Addison is an American poet and writer of horror, fantasy, and science fiction. She has one two Bram Stoker Awards for her poetry collections. Some of her fiction and poetry is available online.
At Author's Site:
• "One Night At Sheri-Too-Long's Popcorn Bar"
"Why does this always happen to me? I could go to the loneliest, faraway bar--a place on a planet outside the known universe and some unnamed genetic hybrid will find me. They always treat me like a long lost brother. They talk and talk and talk until I'm all sticky and wet with their words."
• "Excerpts from The Unabridged Traveler's Guide as UFOs in Galaxy A.G.2"
"Maintain an acceptable holo image at all times when visiting the most interesting planet, native-named Earth, in the 'Milky Way' galaxy. Neatness and a good fitting image will gain high marks on the believability scale if inadvertently seen by Earth's sentient beings. Several varieties of images have been tested and rated in this galaxy. Certain highly stylized images have been found to invoke agitated states in members of the species."
• "After The Fire" Poem.
• "The Barn" Poem.
• "Inevitable Singularity" Poem.
• "Storm of Souls" Poem.
• "Dragon Love" Poem.
William Wymark Jacobs (8 September 1863 – 1 September 1943)
Best known for his wonderful short story "The Monkey's Paw," Jacobs wrote several other short horror stories, including "The Toll House." His horror stories are definitely worth reading.
At Project Gutenberg:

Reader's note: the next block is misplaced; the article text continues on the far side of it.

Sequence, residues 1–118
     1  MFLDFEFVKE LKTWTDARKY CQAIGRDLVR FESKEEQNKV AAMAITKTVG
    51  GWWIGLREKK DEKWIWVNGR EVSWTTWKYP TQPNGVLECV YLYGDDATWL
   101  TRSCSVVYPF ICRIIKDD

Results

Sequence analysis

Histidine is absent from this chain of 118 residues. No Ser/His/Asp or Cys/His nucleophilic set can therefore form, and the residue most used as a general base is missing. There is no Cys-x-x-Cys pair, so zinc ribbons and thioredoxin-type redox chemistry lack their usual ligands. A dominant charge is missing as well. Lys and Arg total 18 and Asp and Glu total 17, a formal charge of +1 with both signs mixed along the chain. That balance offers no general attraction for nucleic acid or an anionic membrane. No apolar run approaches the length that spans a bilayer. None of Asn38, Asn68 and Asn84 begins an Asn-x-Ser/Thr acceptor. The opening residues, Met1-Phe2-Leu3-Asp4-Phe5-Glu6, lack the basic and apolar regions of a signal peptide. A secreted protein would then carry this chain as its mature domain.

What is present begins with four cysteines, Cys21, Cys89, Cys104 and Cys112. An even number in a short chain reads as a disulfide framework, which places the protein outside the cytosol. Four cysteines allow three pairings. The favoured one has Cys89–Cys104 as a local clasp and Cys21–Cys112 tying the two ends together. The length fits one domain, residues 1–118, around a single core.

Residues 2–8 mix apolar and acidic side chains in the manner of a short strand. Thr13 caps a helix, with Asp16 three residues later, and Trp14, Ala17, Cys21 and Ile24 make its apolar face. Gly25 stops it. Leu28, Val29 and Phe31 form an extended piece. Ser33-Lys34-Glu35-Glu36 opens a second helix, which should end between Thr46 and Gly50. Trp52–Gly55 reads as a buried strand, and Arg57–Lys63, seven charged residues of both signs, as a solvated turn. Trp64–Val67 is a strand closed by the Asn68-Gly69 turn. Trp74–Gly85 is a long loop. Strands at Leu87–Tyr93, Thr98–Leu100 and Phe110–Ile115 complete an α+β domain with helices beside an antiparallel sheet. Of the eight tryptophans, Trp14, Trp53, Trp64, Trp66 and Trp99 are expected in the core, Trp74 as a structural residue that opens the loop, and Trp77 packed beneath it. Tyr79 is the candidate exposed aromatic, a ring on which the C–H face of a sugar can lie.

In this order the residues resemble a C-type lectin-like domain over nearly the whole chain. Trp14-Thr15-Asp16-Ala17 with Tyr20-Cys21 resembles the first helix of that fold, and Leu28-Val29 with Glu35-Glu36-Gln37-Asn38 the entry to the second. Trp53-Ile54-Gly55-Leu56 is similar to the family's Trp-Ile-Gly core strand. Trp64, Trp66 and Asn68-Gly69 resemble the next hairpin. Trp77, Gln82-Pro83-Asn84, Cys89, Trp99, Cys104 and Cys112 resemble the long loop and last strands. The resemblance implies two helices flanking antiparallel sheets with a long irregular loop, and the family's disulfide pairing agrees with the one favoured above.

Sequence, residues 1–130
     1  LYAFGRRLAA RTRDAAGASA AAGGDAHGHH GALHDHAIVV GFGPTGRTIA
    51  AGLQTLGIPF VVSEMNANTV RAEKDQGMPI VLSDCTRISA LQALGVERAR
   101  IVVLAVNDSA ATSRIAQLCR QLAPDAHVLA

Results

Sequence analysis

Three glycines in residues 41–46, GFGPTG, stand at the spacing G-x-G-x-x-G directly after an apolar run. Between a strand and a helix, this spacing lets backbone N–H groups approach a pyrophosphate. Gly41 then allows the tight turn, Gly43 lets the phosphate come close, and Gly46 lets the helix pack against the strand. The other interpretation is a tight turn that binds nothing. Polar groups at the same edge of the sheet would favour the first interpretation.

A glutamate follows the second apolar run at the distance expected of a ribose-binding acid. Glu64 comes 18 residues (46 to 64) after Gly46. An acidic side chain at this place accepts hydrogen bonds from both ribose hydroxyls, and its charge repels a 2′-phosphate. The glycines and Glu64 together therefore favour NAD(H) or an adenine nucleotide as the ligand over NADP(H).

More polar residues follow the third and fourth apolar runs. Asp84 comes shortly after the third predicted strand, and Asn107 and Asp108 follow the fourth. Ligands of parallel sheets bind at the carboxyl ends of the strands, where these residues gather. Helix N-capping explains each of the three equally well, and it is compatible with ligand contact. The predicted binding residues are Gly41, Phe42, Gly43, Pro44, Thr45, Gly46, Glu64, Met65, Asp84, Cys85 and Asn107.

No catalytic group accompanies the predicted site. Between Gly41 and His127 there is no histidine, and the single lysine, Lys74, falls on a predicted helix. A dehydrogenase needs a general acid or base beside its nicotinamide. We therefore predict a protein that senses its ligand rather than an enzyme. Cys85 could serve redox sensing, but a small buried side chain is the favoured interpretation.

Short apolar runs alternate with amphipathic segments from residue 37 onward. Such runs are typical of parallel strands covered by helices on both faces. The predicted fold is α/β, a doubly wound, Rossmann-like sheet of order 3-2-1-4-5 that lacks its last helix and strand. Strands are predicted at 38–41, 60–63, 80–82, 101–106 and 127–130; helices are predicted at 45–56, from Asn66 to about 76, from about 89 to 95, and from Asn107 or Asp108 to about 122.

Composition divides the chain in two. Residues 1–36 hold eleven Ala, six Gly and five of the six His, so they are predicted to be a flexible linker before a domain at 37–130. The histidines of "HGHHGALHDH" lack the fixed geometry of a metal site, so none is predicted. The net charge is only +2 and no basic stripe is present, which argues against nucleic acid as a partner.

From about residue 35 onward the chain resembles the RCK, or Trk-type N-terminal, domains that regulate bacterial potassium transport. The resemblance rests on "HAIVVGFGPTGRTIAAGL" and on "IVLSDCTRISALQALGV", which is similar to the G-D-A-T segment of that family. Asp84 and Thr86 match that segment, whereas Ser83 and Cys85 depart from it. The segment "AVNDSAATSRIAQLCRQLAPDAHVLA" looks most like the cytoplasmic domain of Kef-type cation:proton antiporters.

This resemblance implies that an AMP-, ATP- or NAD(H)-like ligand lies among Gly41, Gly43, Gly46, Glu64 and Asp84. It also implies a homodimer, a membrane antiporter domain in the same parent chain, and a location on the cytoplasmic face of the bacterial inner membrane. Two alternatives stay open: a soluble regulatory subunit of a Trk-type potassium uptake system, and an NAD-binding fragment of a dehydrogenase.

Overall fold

• "The Monkey's Paw" Horror. 1902
"It had a spell put on it by an old fakir," said the sergeant-major, "a very holy man. He wanted to show that fate ruled people's lives, and that those who interfered with it did so to their sorrow. He put a spell on it so that three separate men could each have three wishes from it."
• "The Toll House" in Sailor's Knots. 1909.
"It's all nonsense," said Jack Barnes. "Of course people have died in the house; people die in every house. As for the noises—wind in the chimney and rats in the wainscot are very convincing to a nervous man. Give me another cup of tea, Meagle."
• Other stories indexed here.
"The Monkey's Paw:
Ludovico Ariosto (8 September 1474 – 6 July 1533)
An Italian poet, Ariosto is best known for rhe fantastic epic Orlando Furioso (1516). The poem takes "place against the background of the war between Charlemagne's Christian paladins and the Saracen army that is attempting to invade Europe. Ariosto has little concern for historical or geographical accuracy, and the poem wanders at will from Japan to the Hebrides, as well as including many fantastical and magical elements (such as a trip to the moon, and an array of fantastical creatures including a gigantic sea monster called the orc, and the hippogriff)" - wikipedia. The poem, while long and sometimes difficult, was extremely important in the development of fantastic literature.
At Project Gutenberg:
• Orlando Furioso translated by William Stewart Rose (1831)
"No empty fiction wrought by magic lore,
But natural was the steed the wizard pressed;
For him a filly to griffin bore;
Hight hippogryph. In wings and beak and crest"
• Orlando Furioso translated by John Harington (1561 - 1612)